Should My Organisation Create an Armed Forces Policy?

Introduction

This article provides a brief overview of how to create an Armed Forces policy and what it should include.

Army Reserve Soldiers from various brigades with the 4th Sustainment Command (Expeditionary), San Antonio, Texas, engage virtual targets on an Engagement Skills Trainer (EST) II during the 4th ESC’s Best Warrior Competition at Fort Sam Houston, San Antonio, March 1, 2019. Approximately 24 Army Reserve Soldiers throughout four brigades participated in this year’s competition to claim the title of Best Warrior. (U.S. Army Reserve Photo by Ruth Medinavillanueva/Released)

Background

Creating an Armed Forces policy will demonstrate your organisation’s commitment to supporting the Armed Forces community and will help to ensure that no member of the community is at a disadvantage in the workplace or during recruitment due to their military status.

What are Reservists?

  • There are both ‘regular’ and ‘volunteer’ reservists in the Armed Forces which, for these purposes, include the Royal Navy, Army and Royal Air Force.
  • Regular reservists are former full-time service people who may be still liable for service under certain circumstances once they have left the regular forces.
  • Volunteer reservists are members of the Royal Naval and Royal Marines Reserves (the Maritime Reserves), the Army Reserve (formerly the Territorial Army) and the Royal Auxiliary Air Force.
    • They train and serve alongside the regular forces during their spare time, but they may also be called up (mobilised) for a period of full-time service.
  • When reservists can be mobilised depends on when they joined (discussed below).

Why Create an Armed Forces Policy?

  • Training commitments vary between the services, but most Armed Forces reservists complete between nine (9) and twenty seven (27) days of training per year.
  • Most training takes place on evenings and weekends, however all reservists and Cadet Force Adult Volunteers (CFAVs) must attend a mandatory annual training camp, which usually lasts for around two weeks.
  • The camp may be held in the UK or abroad and develops (from a business perspective) skills in team building, communication, leadership, and more – as well as the military skills that are required.
  • Offering additional leave to reservists and CFAVs is not currently mandated in England but is considered good practice.
  • Making your employees’ training commitments more manageable and negating the need to use up their statutory annual leave to fulfil mandatory commitments can:
    • Attract more highly skilled reservists and members of the Armed Forces community to your organisation;
    • Help you to meet the Defence Employer Recognition Scheme Award criteria; and
    • Build a happier and more productive workforce.

Creating your Policy

Existing Policy

  • The easiest way to create an Armed Forces policy is to adapt an existing policy.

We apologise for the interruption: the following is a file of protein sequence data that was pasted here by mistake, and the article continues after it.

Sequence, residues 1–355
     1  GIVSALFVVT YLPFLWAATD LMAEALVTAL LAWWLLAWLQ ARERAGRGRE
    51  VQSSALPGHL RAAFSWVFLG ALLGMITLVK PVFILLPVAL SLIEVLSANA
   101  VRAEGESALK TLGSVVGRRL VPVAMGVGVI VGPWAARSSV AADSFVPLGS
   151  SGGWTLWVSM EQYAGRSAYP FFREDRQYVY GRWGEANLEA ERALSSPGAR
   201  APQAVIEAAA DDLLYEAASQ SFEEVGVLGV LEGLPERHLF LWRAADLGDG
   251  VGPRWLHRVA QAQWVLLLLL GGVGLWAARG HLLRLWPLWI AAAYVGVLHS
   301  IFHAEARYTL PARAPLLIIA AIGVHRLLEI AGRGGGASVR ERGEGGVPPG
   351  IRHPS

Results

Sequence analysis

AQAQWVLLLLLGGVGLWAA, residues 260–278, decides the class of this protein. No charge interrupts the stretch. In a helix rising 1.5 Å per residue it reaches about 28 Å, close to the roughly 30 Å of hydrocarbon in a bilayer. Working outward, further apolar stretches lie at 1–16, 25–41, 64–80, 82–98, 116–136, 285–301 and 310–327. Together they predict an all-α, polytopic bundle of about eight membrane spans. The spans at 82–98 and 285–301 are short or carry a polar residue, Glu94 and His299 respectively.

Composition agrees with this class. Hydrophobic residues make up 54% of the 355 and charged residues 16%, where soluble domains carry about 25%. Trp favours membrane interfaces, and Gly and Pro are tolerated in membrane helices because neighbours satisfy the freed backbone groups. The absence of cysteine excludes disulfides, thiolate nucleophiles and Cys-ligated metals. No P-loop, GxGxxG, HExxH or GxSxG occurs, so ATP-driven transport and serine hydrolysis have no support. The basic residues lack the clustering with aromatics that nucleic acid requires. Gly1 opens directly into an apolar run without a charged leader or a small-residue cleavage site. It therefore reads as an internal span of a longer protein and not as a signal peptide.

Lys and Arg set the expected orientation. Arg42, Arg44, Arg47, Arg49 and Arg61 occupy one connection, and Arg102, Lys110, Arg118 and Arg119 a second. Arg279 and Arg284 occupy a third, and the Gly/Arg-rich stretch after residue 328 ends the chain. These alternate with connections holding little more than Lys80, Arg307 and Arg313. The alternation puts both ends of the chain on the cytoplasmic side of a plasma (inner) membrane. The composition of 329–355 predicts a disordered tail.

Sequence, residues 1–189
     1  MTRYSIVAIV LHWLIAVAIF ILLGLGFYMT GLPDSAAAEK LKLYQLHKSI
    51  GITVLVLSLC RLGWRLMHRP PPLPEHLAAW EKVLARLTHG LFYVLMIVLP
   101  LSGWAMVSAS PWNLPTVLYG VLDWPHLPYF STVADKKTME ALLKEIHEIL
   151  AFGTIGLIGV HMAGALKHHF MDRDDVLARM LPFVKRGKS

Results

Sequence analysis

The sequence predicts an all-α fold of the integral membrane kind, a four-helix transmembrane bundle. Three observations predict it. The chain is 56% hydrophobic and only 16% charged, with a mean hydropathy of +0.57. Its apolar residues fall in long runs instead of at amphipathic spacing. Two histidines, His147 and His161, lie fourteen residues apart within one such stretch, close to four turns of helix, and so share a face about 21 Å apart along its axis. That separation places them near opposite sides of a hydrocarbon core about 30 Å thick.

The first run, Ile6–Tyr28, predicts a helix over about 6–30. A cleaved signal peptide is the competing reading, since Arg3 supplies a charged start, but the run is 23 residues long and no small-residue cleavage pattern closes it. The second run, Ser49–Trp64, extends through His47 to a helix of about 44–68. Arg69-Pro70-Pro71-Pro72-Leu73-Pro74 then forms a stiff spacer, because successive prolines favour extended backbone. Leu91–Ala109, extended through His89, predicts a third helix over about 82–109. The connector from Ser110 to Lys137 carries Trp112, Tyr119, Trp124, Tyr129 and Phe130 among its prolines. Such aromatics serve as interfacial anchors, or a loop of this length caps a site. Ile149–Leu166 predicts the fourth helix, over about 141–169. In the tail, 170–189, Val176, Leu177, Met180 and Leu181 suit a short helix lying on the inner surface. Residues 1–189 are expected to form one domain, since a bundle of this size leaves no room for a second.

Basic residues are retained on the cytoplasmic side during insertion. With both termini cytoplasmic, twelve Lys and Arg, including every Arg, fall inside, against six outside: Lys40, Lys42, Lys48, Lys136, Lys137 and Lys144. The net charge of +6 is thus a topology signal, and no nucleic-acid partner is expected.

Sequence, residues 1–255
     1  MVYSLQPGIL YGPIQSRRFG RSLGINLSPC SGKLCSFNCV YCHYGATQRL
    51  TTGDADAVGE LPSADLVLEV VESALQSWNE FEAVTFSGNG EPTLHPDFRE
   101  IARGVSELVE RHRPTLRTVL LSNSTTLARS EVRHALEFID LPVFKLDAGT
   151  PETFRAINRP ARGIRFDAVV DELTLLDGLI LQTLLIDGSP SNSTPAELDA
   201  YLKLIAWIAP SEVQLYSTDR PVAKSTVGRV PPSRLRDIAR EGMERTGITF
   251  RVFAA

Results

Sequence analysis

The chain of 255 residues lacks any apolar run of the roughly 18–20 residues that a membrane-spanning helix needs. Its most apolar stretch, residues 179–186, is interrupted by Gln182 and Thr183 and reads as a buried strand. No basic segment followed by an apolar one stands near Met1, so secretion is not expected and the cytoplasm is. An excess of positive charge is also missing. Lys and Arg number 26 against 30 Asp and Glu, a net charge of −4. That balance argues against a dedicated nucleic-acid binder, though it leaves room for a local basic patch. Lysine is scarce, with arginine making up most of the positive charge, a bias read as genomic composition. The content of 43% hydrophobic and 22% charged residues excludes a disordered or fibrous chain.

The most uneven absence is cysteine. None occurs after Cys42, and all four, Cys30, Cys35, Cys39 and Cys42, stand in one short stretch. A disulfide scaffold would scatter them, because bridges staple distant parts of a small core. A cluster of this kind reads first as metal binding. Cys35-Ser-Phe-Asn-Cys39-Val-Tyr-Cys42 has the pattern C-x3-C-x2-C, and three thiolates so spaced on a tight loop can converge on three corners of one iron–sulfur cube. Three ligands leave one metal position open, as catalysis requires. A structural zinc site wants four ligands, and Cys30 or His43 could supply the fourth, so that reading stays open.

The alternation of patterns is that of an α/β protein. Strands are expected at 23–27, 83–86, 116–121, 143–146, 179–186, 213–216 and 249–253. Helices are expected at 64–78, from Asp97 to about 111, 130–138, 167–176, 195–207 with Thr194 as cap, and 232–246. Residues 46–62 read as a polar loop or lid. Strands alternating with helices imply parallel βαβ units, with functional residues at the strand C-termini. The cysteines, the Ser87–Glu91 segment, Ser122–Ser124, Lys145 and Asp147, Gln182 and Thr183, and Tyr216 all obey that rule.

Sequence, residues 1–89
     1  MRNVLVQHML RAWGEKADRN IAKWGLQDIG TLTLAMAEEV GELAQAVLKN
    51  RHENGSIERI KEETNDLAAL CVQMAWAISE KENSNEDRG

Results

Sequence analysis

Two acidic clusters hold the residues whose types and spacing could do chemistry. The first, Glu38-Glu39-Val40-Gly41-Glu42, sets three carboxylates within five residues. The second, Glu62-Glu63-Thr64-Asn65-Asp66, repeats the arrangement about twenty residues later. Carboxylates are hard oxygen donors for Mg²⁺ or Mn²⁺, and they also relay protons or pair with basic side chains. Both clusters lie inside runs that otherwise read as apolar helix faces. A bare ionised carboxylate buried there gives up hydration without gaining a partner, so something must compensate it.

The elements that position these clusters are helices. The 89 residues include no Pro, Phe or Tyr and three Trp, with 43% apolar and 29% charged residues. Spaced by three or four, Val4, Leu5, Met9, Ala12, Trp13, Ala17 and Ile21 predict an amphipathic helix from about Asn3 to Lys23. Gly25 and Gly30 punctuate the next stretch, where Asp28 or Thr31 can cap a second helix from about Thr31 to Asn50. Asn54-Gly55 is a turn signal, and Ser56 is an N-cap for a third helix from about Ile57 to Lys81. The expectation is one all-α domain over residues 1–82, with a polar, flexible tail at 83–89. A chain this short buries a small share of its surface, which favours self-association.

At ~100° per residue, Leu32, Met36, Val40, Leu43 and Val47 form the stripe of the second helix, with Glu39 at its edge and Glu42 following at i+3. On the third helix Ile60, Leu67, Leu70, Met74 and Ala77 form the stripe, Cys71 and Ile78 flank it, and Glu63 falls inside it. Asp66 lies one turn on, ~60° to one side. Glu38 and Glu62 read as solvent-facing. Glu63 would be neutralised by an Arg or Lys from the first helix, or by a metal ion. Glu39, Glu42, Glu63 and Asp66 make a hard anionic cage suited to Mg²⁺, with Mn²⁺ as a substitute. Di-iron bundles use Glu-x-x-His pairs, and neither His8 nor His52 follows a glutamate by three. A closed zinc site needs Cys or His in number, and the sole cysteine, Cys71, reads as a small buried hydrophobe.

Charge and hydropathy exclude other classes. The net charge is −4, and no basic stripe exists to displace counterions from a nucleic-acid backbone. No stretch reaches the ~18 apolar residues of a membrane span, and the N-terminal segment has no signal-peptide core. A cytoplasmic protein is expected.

• For example, you might include the Armed Forces community in your Special Leave policy.
  • Additional leave for Armed Forces reservists can be recorded on the Electronic Staff Record as a supplementary role.

New Policy

  • Alternatively, you can create a brand-new policy offering additional paid/unpaid annual leave to cover part or all of the mandatory training camp attended by reservists and CFAVs.
  • A model policy will provide a legal framework which should cover:
    • Supporting reservists during training and mobilisation and demobilisation;
    • Supporting CFAVs during training;
    • Financial assistance and pension advice for employers; and
    • Information on pay progression.

Extending a Policy

  • You might also extend the policy to cover the needs of the wider Armed Forces community.
  • For example, you might offer additional leave to military spouses and/or dependants when a family member is deployed.
  • Covering the needs of the wider community can help to support individuals within the community to navigate the complexities of military life, such as:
    • Managing childcare while a spouse is away;
    • Improve employee, morale and productivity; and
    • Help you to fulfil any pledges made when signing the Armed Forces Covenant.

Before you make changes to existing policies or create a new policy, be sure to seek the approval of your board/management. Your Armed Forces champion, if you have one, could coordinate activities around your Armed Forces policy.

Examples of Policies

2014 Rule Changes

  • Pre-October 2014:
    • Reservists joining before 01 October 2014 can only be mobilised in certain circumstances, for example:
      • In response to imminent national danger;
      • If warlike operations are in preparation or progress; or
      • For the protection of life and property outside the UK.
    • They can choose whether to transfer to new terms applying to reservists joining on or after 01 October 2014.
  • Post October 2014:
    • Reservists joining on or after 01 October 2014 can be called out for any purpose for which members of the regular armed forces may be used.
    • From that time the maximum period for which reservists may be mobilised increased from nine to 12 months.
    • The 12-month period of mobilisation covers training, deployment, and recuperation after service.

Regulations

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